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Abstracts and introductions are integral to providing your reader with helpful context at the start of a paper, but these different components have varied expectations and requirements that are sometimes unclear. Although various Walden programs may have different requirements for abstracts and introductions, the heart of the matter is this: an abstract is a summary while an introduction is the beginning, or the opening, to your paper. Today, I’ll focus on writing introductions, and next week, you’ll hear more about writing abstracts and the unique functions that these types of text provide.
Demystifying the Abstract Introduction divide. Part 1 on writing introductions

APA is often thought of as a guide for citation and format, but it also offers helpful guidelines for writing different areas of your manuscript, including introductions. The APA manual suggests that your introduction contain these components: an introduction to the problem, an exploration of the importance of the problem, a description of relevant scholarship, and a clearly stated hypothesis with correspondence to research design.

Luckily for you Walden writers out there, elements of APA's guide to introductions can be isolated and used for course writing as well. Though each assignment and program may have unique requirements to follow, the essence of this APA guideline for manuscripts is that introductions should include the following:
  • Background information, including (1) what the problem/issue/topic is, (2) why that problem/issue/topic is important, and (3) what other researchers have said or shown about this problem/issue/topic.
  • Your argument and purpose for the paper, including (1) the purpose of the paper, (2) your main argument for the paper, otherwise known as a thesis statement, and (3) what you’ll do in the paper.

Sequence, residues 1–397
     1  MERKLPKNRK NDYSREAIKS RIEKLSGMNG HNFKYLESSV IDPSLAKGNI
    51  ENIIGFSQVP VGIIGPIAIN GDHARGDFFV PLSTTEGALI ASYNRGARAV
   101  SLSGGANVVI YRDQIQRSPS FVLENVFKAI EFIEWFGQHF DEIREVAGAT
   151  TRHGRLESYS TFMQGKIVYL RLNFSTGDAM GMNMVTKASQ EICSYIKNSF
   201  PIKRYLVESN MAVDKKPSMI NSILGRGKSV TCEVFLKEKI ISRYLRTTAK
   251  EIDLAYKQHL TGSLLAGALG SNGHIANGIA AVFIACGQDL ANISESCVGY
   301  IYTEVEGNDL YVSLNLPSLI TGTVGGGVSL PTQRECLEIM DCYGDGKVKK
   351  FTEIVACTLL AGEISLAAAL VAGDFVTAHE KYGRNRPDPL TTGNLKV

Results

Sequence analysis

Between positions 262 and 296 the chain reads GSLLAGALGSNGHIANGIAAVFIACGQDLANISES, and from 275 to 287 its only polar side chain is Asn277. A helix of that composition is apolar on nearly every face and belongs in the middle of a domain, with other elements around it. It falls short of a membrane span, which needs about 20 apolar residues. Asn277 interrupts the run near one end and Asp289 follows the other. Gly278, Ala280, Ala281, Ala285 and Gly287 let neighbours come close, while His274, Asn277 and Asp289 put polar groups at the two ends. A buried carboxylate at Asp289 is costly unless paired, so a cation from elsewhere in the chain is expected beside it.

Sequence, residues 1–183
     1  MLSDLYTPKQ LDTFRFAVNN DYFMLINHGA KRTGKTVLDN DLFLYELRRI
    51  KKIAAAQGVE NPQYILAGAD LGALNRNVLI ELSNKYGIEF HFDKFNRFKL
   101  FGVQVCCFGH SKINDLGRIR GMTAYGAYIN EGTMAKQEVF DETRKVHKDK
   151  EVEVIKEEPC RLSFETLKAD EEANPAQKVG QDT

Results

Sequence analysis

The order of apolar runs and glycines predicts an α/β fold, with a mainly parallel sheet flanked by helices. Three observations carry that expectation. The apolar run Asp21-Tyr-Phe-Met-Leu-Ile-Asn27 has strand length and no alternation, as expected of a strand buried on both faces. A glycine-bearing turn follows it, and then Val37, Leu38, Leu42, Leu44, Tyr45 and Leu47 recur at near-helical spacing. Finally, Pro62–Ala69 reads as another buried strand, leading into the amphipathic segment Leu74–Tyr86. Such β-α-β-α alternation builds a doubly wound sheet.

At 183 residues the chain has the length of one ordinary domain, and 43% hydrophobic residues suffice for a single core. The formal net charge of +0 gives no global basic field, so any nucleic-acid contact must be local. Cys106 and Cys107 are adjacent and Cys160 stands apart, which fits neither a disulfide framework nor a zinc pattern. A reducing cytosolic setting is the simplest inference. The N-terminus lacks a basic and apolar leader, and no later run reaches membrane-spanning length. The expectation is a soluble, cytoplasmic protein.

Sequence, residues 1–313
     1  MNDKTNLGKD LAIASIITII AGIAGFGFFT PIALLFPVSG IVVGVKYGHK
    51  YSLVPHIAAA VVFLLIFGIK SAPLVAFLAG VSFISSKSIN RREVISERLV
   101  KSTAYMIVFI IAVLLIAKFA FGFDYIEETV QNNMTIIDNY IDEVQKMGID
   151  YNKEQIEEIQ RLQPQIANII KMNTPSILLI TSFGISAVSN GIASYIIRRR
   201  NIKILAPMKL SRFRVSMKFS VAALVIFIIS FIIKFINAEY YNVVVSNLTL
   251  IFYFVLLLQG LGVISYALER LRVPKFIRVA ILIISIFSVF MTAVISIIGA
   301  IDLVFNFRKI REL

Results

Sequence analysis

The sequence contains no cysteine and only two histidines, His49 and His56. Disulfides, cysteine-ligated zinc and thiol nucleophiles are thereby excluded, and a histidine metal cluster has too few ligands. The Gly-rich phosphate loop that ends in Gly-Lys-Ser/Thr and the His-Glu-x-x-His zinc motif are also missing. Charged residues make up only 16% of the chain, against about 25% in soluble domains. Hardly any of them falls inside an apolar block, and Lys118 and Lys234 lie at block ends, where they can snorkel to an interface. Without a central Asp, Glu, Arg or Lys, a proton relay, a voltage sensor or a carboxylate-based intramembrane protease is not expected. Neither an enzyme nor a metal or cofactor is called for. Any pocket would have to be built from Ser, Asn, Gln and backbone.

Therefore, when you are writing a paper, be sure to include an introduction for the reader that offers this relevant background information and that lets the reader know your overall argument and purpose for the paper. The introduction is your chance to ease the reader into the topic with some context and a clear statement of purpose.  
***

Let’s take a look at a hypothetical assignment prompt (we’ll also use this prompt in next week’s post about abstracts) and use it to as we practice these methods to help your reader get the information needed to read your paper with ease. Here’s an example of how you might start incorporating these two elements, background information and argument/purpose, in to your writing.
Sample Assignment Prompt: Writers go through a process when composing papers.  However, not all writers practice the full writing process.  Today’s assignment asks you to reflect on your writing process and what you can do to improve it. To prepare, reflect on your own writing practices and then review the provided course materials from the Writing Center about the writing process, specifically the content on prewriting, drafting, revising, and proofreading. Then, write a 2 page reflection paper where you discuss what your writing process looks like and how you might want to change or improve your writing process to more fully embrace the practices and tips provided in the course materials.
Now that you know what the assignment is, you can use the techniques provided in the Walden Assignment Prompts: Learn the Writing Requirements webinar to break down the prompt. In this case, students are being asked to reflect and discuss their writing processes and ways to improve, citing the course materials from the Writing Center website. In writing an introduction, writers must then decide what information is relevant for background information and what kind of a thesis or purpose statement needs to be provided.  Here is a sample introduction for our prompt that provides both the elements of a strong introduction